YOUNGSTOWN — If the buzz surrounding a possible challenger for the White House can be measured by the number of times that person is invited to another state, then there's a lot of buzz around Ohio Rep. Tim Ryan.
Until the fall of 2016, even Ryan will admit no one paid much attention to his place as one of 435 other members in the lower chamber until the day after Donald Trump won the presidency and the Democratic Party fell further away from gaining back the majority in the House or the Senate.
Nine days after Hillary Clinton’s stinging loss and his party's abysmal showing in down-ballot seats, he launched a challenge to Nancy Pelosi’s minority leadership position and caught members of his party’s eye for that bold move.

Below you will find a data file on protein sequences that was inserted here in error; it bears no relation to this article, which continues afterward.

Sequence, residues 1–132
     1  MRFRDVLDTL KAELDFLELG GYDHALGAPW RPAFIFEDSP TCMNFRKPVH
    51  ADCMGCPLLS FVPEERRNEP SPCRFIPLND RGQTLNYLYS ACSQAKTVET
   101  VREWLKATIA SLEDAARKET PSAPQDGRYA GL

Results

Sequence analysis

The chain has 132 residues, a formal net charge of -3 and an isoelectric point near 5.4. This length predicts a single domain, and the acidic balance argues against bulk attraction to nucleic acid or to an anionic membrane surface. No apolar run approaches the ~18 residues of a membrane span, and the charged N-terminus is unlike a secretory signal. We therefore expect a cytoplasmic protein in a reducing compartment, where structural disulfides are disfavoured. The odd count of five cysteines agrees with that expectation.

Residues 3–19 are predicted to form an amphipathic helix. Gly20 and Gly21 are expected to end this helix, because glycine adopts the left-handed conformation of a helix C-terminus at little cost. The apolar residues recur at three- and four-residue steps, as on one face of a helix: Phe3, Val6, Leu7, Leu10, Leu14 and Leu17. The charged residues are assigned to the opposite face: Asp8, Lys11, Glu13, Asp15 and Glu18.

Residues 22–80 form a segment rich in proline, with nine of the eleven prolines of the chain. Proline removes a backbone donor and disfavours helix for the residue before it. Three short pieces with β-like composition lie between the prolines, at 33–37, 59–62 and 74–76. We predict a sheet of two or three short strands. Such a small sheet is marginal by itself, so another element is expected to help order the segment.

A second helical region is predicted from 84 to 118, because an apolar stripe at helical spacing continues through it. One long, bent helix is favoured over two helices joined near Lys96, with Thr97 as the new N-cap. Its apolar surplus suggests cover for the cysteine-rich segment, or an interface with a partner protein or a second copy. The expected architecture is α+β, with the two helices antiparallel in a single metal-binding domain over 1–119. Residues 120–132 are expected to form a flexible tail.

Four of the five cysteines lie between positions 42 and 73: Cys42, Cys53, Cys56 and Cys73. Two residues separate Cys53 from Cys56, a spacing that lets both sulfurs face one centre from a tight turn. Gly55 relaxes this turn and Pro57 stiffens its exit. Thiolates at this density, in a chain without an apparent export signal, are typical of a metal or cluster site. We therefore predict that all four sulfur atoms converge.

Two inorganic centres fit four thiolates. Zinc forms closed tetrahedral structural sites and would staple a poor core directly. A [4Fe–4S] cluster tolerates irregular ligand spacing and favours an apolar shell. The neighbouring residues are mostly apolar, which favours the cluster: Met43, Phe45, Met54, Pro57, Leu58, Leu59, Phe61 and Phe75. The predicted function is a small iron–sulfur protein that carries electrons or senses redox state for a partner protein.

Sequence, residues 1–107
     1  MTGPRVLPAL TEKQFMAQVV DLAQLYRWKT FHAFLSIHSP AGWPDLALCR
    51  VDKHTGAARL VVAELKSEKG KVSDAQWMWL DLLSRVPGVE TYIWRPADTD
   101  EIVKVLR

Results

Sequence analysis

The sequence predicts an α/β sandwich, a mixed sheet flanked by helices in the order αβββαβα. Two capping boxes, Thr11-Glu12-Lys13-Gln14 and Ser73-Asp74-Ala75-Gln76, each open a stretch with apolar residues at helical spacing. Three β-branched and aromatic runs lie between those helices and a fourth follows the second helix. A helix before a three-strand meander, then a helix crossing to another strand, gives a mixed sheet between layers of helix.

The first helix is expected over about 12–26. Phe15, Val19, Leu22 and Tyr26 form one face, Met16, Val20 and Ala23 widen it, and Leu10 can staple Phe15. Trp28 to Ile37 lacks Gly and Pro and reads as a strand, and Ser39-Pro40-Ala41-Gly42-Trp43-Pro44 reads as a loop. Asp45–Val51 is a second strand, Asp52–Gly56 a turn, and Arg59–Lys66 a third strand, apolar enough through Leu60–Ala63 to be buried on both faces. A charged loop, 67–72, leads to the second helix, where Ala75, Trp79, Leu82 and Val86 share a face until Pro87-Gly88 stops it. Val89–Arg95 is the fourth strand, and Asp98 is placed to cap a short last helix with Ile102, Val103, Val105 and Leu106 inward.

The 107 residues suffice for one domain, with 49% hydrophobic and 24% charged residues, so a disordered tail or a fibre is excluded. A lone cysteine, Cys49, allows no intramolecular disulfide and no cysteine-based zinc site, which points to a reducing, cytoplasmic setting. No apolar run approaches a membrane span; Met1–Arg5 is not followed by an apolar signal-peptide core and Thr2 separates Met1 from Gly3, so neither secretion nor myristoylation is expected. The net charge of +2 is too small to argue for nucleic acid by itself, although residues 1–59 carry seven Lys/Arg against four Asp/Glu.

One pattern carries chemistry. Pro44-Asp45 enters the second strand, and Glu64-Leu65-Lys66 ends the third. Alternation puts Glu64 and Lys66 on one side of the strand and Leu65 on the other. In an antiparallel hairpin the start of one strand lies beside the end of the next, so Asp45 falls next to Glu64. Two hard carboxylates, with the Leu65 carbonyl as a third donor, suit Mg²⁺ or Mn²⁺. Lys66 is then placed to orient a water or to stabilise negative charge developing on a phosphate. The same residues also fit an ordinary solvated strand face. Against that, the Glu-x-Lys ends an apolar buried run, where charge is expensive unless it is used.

“Democrats, especially in Iowa, find Tim Ryan appealing because he knows how to win in areas where Donald Trump did well,” said Mike Mikus, a Pennsylvania-based Democratic strategist.
And despite the economic devastation that surrounded the area, he decided to run for a state Senate seat.